*Photo by ninjapoodles.*

Do you and your students have trouble keeping track of those pesky English/American measurements? Here is a great visual showing the relationship between common volumes:

## In Honor of National Poetry Month

And here’s another treat I found while browsing:

**Integers we have loved**

Featuring the poem Numbers, by Mary Cornish.

Which reminds me of one of my favorite poems about math…

## Arithmetic

Arithmetic is where numbers fly like pigeons in and out of your head.

Arithmetic tells you how many you lose or win if you know how many you had before you lost or won.

Arithmetic is seven eleven all good children go to heaven — or five six bundle of sticks.

Arithmetic is numbers you squeeze from your head to your hand to your pencil to your paper till you get the answer.

Arithmetic is where the answer is right and everything is nice and you can look out of the window and see the blue sky — or the answer is wrong and you have to start all over and try again and see how it comes out this time.

If you take a number and double it and double it again and then double it a few more times, the number gets bigger and bigger and goes higher and higher and only arithmetic can tell you what the number is when you decide to quit doubling.

Arithmetic is where you have to multiply — and you carry the multiplication table in your head and hope you won’t lose it.

If you have two animal crackers, one good and one bad, and you eat one and a striped zebra with streaks all over him eats the other, how many animal crackers will you have if somebody offers you five six seven and you say No no no and you say Nay nay nay and you say Nix nix nix?

If you ask your mother for one fried egg for breakfast and she gives you two fried eggs and you eat both of them, who is better in arithmetic, you or your mother?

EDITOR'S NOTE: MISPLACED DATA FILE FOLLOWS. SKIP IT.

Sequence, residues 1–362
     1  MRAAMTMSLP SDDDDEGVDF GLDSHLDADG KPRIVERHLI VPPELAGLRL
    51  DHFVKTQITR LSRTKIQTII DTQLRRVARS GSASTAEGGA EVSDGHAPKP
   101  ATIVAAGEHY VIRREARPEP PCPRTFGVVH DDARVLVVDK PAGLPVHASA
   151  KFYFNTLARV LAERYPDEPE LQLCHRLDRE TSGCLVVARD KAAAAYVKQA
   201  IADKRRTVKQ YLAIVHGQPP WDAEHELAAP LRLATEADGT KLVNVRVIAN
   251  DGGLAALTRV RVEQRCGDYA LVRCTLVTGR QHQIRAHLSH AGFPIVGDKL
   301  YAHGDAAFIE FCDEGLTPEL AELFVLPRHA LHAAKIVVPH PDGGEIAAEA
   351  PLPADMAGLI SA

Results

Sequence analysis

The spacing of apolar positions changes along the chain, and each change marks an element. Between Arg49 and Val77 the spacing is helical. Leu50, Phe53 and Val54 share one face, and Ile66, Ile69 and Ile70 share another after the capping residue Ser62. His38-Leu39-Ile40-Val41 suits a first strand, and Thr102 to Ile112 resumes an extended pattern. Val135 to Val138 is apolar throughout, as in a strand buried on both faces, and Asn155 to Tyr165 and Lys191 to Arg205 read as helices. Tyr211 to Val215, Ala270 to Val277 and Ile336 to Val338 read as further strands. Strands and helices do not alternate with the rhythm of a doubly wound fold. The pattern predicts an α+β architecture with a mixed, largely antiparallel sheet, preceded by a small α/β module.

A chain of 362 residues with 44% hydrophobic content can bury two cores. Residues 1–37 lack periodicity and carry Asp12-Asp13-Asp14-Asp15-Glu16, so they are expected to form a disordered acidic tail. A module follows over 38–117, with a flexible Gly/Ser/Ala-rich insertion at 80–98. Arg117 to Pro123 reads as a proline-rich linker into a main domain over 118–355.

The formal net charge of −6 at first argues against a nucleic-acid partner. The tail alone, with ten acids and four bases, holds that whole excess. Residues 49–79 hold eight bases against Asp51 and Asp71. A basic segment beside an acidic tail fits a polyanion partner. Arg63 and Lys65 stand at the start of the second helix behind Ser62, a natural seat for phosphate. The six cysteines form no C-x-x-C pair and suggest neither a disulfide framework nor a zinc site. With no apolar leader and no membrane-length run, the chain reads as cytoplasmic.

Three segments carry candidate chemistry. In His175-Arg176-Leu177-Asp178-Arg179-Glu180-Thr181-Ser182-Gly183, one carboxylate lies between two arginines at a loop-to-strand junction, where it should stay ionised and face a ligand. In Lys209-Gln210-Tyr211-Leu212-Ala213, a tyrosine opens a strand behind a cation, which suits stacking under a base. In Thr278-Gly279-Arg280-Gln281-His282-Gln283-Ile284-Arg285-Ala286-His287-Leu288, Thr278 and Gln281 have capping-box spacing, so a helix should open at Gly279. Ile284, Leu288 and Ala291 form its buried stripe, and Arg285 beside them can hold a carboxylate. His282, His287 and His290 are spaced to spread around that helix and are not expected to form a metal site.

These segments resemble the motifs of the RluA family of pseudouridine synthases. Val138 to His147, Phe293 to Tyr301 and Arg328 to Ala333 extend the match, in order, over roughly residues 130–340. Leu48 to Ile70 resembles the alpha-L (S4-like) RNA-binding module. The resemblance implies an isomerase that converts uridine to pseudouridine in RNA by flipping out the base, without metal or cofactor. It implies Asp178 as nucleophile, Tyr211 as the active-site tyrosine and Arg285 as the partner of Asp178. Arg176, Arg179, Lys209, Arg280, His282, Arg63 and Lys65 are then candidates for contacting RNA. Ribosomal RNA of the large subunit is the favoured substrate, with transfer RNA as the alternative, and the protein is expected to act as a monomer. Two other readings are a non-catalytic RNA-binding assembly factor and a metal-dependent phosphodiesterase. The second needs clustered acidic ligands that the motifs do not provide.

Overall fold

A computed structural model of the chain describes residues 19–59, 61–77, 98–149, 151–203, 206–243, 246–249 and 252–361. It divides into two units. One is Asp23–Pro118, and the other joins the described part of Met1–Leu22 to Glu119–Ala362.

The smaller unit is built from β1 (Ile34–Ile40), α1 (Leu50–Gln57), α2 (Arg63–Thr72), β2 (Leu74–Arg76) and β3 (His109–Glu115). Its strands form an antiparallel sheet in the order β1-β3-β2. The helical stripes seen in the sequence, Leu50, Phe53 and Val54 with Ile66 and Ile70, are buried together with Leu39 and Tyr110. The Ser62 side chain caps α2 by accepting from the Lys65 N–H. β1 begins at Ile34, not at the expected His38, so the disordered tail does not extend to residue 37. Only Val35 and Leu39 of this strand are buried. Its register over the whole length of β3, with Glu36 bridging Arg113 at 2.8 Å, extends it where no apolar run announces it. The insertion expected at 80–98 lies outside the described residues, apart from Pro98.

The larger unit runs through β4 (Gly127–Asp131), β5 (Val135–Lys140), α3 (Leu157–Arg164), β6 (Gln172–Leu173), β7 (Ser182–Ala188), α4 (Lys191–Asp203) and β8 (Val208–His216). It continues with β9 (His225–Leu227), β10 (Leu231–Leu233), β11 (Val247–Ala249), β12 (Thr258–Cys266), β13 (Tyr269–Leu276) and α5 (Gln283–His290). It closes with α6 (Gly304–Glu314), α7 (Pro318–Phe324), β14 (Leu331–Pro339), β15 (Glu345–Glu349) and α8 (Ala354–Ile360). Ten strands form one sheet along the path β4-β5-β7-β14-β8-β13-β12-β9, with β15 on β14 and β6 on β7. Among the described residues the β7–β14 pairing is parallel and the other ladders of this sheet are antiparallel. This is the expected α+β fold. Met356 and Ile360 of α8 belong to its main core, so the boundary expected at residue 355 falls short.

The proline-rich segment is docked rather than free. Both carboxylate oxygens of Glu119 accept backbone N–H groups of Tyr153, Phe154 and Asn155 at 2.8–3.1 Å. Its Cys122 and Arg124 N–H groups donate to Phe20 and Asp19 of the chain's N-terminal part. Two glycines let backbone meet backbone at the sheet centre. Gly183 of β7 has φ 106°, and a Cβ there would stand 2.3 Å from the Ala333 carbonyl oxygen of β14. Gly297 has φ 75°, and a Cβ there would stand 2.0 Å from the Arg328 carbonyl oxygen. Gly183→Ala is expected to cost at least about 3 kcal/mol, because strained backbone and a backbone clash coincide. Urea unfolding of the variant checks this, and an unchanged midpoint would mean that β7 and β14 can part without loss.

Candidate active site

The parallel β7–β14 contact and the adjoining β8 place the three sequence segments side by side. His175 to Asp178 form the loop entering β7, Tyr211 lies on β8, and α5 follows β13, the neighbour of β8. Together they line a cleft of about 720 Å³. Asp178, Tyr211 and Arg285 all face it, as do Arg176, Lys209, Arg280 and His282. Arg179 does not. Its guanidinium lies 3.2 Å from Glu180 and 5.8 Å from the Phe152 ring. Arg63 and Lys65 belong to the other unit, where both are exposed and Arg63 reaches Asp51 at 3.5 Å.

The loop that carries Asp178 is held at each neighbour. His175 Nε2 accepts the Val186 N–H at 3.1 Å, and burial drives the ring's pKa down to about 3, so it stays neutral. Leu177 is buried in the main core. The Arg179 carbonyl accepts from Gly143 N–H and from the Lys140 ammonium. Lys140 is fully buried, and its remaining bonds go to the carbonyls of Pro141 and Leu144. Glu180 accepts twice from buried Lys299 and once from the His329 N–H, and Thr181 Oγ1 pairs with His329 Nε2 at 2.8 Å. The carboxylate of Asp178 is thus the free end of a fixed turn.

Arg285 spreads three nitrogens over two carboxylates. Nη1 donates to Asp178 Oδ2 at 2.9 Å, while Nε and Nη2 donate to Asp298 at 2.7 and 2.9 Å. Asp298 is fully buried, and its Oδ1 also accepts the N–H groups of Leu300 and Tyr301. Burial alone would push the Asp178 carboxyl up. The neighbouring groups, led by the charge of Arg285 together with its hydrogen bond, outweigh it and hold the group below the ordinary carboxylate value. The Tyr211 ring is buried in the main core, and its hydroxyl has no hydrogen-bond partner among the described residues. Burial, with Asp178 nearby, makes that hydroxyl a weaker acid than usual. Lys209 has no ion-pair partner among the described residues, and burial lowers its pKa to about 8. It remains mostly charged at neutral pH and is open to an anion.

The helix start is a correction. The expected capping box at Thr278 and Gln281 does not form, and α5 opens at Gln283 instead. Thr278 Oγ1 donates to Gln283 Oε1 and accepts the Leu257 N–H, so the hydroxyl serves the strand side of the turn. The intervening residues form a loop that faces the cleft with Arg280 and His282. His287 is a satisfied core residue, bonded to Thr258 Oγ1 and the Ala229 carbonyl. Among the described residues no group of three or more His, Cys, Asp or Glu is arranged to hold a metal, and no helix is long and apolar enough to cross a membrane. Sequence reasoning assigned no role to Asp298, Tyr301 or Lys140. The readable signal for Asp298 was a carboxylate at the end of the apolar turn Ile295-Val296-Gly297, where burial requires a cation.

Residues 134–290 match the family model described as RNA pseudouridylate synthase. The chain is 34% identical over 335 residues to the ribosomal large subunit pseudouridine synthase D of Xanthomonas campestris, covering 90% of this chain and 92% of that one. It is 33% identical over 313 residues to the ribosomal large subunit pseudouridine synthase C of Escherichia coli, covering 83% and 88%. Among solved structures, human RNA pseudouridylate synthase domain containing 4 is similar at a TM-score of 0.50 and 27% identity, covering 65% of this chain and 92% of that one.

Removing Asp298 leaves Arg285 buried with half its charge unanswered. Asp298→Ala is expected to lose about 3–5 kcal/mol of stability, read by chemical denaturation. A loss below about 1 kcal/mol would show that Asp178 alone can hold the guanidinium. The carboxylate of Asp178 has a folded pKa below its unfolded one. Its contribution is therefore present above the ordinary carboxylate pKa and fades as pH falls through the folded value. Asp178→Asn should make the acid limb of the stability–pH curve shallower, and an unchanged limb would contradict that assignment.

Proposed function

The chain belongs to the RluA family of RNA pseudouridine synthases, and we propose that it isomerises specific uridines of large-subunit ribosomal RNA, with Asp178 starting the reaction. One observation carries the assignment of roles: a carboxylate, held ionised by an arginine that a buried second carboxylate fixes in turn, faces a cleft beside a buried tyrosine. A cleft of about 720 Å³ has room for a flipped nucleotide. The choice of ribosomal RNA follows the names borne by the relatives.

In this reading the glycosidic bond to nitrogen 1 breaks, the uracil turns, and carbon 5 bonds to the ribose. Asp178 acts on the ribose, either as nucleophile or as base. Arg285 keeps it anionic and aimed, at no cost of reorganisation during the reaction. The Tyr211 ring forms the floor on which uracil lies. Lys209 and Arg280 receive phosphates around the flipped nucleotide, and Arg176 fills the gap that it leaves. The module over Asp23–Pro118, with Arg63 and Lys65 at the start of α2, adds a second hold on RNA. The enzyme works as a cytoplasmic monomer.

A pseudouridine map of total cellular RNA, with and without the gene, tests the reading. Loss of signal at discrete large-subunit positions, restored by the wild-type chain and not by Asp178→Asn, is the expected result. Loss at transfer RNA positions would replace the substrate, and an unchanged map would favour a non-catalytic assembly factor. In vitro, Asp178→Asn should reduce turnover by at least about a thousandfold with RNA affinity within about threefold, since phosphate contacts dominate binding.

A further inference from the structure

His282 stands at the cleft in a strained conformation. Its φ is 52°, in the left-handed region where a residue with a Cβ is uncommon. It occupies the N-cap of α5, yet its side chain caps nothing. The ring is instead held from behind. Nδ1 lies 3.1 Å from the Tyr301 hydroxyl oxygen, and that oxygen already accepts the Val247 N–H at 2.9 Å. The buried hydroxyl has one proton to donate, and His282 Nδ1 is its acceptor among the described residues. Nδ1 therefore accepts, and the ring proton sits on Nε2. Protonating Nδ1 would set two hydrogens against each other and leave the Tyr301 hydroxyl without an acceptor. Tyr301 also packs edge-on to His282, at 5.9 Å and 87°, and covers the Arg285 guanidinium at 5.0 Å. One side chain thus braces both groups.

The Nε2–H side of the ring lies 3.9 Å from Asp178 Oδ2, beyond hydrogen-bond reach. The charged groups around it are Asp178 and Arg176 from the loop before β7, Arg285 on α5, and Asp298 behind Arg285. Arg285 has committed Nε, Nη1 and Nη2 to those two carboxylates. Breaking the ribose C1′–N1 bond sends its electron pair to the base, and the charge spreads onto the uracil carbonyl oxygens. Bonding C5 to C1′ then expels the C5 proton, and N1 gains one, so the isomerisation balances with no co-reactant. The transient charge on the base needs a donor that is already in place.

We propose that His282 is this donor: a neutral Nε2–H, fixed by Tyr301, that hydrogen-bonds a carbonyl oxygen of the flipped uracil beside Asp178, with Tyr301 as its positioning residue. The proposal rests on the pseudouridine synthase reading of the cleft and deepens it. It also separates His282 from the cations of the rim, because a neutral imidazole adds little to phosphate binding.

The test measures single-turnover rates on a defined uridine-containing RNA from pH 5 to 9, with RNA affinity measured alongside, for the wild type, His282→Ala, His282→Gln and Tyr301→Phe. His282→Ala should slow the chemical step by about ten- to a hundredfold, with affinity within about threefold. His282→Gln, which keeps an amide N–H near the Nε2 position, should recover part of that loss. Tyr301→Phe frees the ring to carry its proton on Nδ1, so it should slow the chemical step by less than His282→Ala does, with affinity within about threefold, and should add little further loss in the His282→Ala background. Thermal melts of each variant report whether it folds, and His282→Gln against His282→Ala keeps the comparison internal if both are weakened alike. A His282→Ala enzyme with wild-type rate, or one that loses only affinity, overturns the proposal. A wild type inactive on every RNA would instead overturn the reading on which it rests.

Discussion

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Pints in a Gallon: At my house we make Gallon Guy! A gallon is a full sheet of paper. (Make a face on him w/the G.) Take another piece of paper and fold it into fourths. This is a great visual of the fact that you started with the same amount as a gallon. These all get Q for quart and are stapled/taped onto the Gallon like an arm on either side & two legs at the bottom. Next you take another gallon-sized sheet of paper & fold it into 8 equal pieces. Yes – these get labelled with P for pints. Each arm & leg (Q) gets 2 Pints attached. It’s a great visual that 8 of those (you can add them all up) equals a gallon, and it also shows that there are 2 pints in each quart. The final piece of paper gets folded into 16 equal pieces. These are the Cups (C) – also known as fingers and toes. Attach 2 Cups per Pint. Have them add up all the cups to remember that 16 are in a gallon, each Quart has four cups attached to it, etc. My kids of course give Gallon Guy crazy hair! We make a new one every year & my kids never forget their measurements!

I’ll have to try Gallon Guy — sounds like fun. I’ll have my 3rd-grader make him, but I bet even the teenagers will learn from it!

Love the Sandburg poem. I have an anthology with this poem but only part of it. I’d never read the last couple stanzas about cookies and eggs. My kids will love this.

I’ve seen the abridged version in poetry books, too, but I always wonder why anyone would bother to cut a poem that is already so short. It’s irritating, because that question about the eggs is my favorite part.